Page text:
Last year, Scotland experienced a significant drop in farmed salmon production, with the figures indicating a nearly 20% decline. The main culprit behind this decline seems to be increasing sea temperatures, leading to the rise of micro-jellyfish, which are detrimental to the salmon population.
A reduction of 36,200 tonnes resulted in a total of 169,200 tonnes of Scottish-farmed salmon. This comes after a series of challenging years for the industry, plagued by sea lice infestations and various diseases. This is the lowest yield since the similar 18% drop in 2018.
It's worth noting that Scottish-farmed salmon stands as the UK's premier food export. Alarmingly, the past year recorded the second-lowest average weight for harvested fish since 2011, registering a mere 5.2kg. This often reflects the industry's need to cull fish before they reach maturity, primarily due to production complications.
According to the official statistics released by the Scottish government, there's an optimistic projection of production bouncing back to 188,000 tonnes this year.
Nevertheless, the industry is grappling with the pressing issue of high fish mortality, especially those housed in sea cages. Many critics argue that these cages are excessively crowded. Data reveals a worrying statistic: the survival rate of smolts (young salmon) born in 2020 was a mere 75.9%. Sadly, this statistic has been on a downward trajectory for the past two decades. Moreover, a significant number of fish over the past three years had to be culled within the first year of their typical three-year lifespan.
Edward Mountain, the Conservative MSP who spearheaded a 2018 Holyrood committee examination into the sector, expressed his apprehensions. He believes that not enough has been done by the industry to curb these high mortality rates.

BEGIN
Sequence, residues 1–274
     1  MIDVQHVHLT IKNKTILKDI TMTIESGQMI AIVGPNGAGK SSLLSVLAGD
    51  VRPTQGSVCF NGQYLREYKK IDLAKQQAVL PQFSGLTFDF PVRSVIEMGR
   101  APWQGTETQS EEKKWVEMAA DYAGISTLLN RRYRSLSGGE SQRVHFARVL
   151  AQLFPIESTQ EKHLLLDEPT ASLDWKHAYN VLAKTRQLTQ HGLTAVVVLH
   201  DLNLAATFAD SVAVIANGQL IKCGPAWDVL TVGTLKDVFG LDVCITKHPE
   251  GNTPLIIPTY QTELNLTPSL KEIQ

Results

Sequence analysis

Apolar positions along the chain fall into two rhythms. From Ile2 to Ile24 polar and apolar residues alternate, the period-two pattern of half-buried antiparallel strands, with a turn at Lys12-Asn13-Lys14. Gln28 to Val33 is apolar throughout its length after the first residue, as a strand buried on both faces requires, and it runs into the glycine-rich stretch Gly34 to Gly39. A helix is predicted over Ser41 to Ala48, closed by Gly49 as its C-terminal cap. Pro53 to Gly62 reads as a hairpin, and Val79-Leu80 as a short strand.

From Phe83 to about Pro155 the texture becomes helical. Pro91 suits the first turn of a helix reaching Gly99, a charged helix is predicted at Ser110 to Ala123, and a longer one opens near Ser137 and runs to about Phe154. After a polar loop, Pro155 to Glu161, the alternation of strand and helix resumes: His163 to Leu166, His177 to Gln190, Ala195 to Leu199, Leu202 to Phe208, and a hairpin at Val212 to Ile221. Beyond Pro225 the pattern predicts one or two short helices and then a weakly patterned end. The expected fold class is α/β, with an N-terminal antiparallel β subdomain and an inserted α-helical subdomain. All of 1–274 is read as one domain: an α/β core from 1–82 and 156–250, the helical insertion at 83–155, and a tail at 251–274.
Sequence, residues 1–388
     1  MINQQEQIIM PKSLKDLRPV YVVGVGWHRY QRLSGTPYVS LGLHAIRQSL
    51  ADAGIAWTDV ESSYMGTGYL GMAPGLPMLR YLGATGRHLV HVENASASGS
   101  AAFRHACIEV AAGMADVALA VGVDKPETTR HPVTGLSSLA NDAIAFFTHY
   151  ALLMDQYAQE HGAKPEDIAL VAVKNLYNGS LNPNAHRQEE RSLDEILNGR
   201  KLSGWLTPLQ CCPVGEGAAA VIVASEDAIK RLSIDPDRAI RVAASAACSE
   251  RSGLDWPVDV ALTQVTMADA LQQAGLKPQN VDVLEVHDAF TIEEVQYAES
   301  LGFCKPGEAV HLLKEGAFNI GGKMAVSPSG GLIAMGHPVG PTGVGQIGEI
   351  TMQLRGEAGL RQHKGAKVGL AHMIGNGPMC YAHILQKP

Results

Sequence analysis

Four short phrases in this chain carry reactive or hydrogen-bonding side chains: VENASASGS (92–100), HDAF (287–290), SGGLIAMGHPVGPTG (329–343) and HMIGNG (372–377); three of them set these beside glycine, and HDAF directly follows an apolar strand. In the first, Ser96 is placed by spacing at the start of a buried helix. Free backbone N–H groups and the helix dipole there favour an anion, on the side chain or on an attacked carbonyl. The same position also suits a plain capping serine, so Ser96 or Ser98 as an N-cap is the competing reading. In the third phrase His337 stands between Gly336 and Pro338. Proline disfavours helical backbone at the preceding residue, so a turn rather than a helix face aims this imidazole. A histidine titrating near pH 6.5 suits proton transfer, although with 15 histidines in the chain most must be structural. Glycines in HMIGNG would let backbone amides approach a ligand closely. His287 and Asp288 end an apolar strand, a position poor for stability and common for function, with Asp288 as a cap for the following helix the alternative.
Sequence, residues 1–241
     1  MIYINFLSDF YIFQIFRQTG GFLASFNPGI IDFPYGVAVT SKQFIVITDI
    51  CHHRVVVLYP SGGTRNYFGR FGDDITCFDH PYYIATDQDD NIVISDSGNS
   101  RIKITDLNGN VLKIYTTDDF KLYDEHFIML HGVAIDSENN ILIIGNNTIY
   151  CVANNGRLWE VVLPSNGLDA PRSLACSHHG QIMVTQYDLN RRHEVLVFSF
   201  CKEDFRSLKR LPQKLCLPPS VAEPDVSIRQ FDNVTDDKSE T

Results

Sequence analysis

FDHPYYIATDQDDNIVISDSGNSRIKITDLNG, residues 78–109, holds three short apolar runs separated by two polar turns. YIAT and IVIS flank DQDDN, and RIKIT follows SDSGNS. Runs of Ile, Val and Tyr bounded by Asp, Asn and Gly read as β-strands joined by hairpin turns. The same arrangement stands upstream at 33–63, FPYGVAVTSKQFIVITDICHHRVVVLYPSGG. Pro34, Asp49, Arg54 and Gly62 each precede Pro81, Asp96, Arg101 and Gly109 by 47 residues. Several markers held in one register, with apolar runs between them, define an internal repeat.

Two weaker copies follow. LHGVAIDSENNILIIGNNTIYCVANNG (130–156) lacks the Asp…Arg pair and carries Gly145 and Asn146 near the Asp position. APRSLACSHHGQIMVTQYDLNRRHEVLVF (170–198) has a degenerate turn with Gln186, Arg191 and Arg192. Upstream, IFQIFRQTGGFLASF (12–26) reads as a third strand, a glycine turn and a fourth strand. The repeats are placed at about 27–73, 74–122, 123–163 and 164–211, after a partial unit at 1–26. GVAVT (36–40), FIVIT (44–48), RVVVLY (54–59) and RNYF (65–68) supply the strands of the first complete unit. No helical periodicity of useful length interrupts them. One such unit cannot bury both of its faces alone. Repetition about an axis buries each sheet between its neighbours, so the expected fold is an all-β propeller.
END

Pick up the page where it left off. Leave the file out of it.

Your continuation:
This past August, over 160 incidents were documented by the industry's governing body. A notable incident occurred in Applecross, Wester Ross, where a staggering 214,000 young salmon were lost. The tragedy unfolded due to the failure of water filter equipment in a tank. This malfunction led to deteriorating water quality and the emergence of a lethal fungus.
The majority of these incidents were attributed to compromised gill health, while a handful were linked to inferior genetics.
On a slightly brighter note, Salmon Scotland, the industry's representative body, shared data earlier this week, indicating a dip in September's mortality rate from 4.7% last year to 3.5% this year.
September typically witnesses the highest sea temperatures, making it a vulnerable month for the salmon. Additionally, this year observed elevated sea temperatures earlier in the summer season.
Although salmon can withstand these temperatures, they are susceptible to threats like jellyfish and algal blooms, which thrive in these warm conditions. To combat these risks, various measures have been employed, such as 'bubble curtains' to prevent jellyfish and algae intrusion into sea cages, altered feeding schedules, and early warning systems to detect potential threats.
Iain Berrill, Technical Director at Salmon Scotland, commended the industry's efforts in maintaining adequate conditions for the fish, especially during this "challenging year" marked by unprecedented sea temperatures globally. However, he remarked, "While a certain degree of fallen stock is expected in any farming operation, this year's figures are undeniably distressing. It's heart-wrenching for farmers when any fish are lost. We've made strides in combating the environmental challenges our fish face, but we must relentlessly pursue further improvements in survival."